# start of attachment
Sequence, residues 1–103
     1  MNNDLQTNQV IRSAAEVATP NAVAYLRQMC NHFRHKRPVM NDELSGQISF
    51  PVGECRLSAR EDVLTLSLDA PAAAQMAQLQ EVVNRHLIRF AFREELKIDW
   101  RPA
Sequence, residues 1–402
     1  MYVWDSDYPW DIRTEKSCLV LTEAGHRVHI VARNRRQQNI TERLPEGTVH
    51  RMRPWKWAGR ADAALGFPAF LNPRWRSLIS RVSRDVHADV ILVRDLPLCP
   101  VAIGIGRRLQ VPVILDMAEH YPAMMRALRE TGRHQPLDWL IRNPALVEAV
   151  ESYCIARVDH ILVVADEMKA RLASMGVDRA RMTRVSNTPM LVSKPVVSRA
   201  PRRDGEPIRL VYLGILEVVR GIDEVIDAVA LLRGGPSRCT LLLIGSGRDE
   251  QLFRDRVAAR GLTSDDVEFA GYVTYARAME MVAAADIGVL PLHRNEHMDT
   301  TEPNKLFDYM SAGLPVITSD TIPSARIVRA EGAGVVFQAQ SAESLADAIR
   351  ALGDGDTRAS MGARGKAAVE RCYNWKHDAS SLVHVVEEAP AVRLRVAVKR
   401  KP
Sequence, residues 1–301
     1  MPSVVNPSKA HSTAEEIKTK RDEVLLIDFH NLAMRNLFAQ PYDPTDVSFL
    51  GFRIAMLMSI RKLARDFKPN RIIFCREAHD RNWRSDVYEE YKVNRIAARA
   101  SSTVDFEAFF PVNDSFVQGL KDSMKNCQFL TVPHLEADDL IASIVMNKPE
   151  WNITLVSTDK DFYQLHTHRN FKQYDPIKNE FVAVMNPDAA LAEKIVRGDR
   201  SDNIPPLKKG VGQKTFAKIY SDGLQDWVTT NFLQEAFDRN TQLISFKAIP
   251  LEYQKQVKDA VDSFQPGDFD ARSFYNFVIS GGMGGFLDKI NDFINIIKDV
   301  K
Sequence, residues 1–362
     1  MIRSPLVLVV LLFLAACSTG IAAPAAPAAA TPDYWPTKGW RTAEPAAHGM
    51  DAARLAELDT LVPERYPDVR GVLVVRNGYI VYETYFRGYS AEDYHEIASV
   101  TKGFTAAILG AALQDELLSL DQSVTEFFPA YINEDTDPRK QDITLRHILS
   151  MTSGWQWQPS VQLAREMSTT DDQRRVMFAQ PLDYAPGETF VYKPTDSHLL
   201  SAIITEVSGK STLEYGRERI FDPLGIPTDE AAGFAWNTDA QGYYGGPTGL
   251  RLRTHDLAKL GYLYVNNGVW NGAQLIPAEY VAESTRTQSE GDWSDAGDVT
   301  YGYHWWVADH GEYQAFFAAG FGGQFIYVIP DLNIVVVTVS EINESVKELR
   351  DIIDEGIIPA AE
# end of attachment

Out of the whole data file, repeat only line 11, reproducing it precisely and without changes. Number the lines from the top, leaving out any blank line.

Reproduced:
   251  QLFRDRVAAR GLTSDDVEFA GYVTYARAME MVAAADIGVL PLHRNEHMDT